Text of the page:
In China and India, soapstone was used for ornaments and domestic utensils.Indians have used soapstone for ornaments and domestic utilities for the past 7500 years.These days Soapstone is used for decorative purposes rather than functional.Carving
It can be ed cut and finish with common wood and masonry tools.
Soapstone sheds micro organisms.It is typically honed to a 320 grit finish and can retain heat without breaking.Soapstone Facts: It can be chilled and retain the cold.
Soapstone is either massive or flaky depending on the talc and chlorite content.
Natural talc is white, yellow, gray, pale green or pale blue and soft.
Chlorite is a group of rocks forming minerals which are soft and usually green. They can also be white, yellow, red, lavender or black.
In Norway, soapstone was considered a valuable commodity because the quarries were often referred to as silver mines.Soapstone is safe to use in your oven. This is a soapstone fact! Soapstone is among the most indestructible and lasting rocks.The beauty of the Hoysala temples , in India,particularly, their intricate carvings owes a lot to one material – Soapstone. Unlike granite, sandstone and marble used in the construction of most of India’s ancient monuments, soapstone is softer with some peculiar properties that set it apart from the former materials. To give you an idea , the softer version of the soapstone can be carved even with your finger nail.images_22


Technically soapstone contains magnesite, dolomite, chlorite and talc . The content of talc is what gives the soapstone its soft property. Also unlike a lot other stones (marble for example ) , soapstone is inert to chemicals. That is neither its surface color nor the texture changes with exposure of chemicals. Even if it does, the change happens only on the surface layer that can be easily polished off.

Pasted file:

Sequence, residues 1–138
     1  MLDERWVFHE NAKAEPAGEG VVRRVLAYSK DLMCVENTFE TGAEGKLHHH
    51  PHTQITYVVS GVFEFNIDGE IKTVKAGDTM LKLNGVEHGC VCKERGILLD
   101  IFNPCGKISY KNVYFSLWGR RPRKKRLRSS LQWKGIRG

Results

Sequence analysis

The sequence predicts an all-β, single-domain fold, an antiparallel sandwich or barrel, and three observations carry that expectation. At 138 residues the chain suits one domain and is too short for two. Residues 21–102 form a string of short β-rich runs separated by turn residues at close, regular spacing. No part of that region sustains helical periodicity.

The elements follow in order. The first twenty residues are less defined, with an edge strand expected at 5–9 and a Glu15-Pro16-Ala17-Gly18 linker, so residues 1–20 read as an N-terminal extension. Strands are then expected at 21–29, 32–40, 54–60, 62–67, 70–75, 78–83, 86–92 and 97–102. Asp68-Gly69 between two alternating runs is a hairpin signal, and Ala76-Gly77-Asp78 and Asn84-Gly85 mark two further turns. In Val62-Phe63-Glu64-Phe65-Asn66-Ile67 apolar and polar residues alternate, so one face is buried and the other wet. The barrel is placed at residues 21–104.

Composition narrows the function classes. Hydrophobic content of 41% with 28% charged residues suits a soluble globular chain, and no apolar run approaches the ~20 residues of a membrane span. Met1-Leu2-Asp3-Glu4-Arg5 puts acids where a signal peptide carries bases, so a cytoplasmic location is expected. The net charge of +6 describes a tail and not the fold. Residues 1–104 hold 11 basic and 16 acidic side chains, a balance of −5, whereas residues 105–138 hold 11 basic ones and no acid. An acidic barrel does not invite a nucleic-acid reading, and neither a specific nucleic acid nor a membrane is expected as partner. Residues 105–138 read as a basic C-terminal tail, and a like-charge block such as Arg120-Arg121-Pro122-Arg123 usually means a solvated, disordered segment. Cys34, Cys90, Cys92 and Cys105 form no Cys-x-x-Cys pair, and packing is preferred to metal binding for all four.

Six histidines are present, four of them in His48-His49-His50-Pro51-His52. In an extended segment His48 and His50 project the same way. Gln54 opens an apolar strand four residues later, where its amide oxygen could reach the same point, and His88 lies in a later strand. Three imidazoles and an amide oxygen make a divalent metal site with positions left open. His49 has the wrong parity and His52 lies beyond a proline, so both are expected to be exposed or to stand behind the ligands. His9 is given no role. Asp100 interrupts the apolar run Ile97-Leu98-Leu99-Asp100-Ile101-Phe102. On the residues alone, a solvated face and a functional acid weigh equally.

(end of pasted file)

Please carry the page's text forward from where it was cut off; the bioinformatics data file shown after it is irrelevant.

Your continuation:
Caring for your fine, Soapstone sculptures, and/or carvings, should take little more than a careful dusting now and then.
To determine if the piece that you have in your collection is true Soapstone, and not resin made from a casting mold there are two simple tests that you can conduct.  To determine if your piece is a form of resin or plastic, heat up a standard straight pin, (the pin needs to be red-hot), then push the pin into the bottom of the piece in question.  If the pin melts its way into the material then it is definitely NOT Soapstone.  The other test that you can perform is to scrape some material off from the bottom of the piece.  If it is real Soapstone, these shavings will have no odor and will feel like talcum powder, slippery to the touch.images_20
Caring for your fine, Soapstone sculptures, and/or carvings, should take little more than a careful dusting now and then.
So there you have it.Its pretty easy to maintain and looks gorgeous. Beauty and functionality in one.
On this note, I shall love you and leave you. Be safe in whatever you do…..

I Love Tea/Chai

Photo on 2011-12-06 at 11.49 #2Hello beautiful people,

I hope every one has been fine and doing well since our last meeting .If you remember, the last time I wrote about Indian Tunics and Kurtis. This time I wanted to feature another article that you will shortly find on Totally bananas. Indian Tea .

I  think that every one of us is familiar with tea as we all drink it, some more than other’s I’m sure. In India , in every street corner you will find a Dhabba or tea stall as they are more commonly called where they are busy making tea, all kinds of tea, (with milk, spices, sugar or shakkar and even Gur or Jaggery )Tea is made both at home and outside. Outside the home, tea is most commonly and easily found at the ubiquitous tea stalls that dot just about every street in India. The tea stall has become a part of the urban landscape and a cultural institution.220px-India_-_Varanasi_chai_tea_-_1420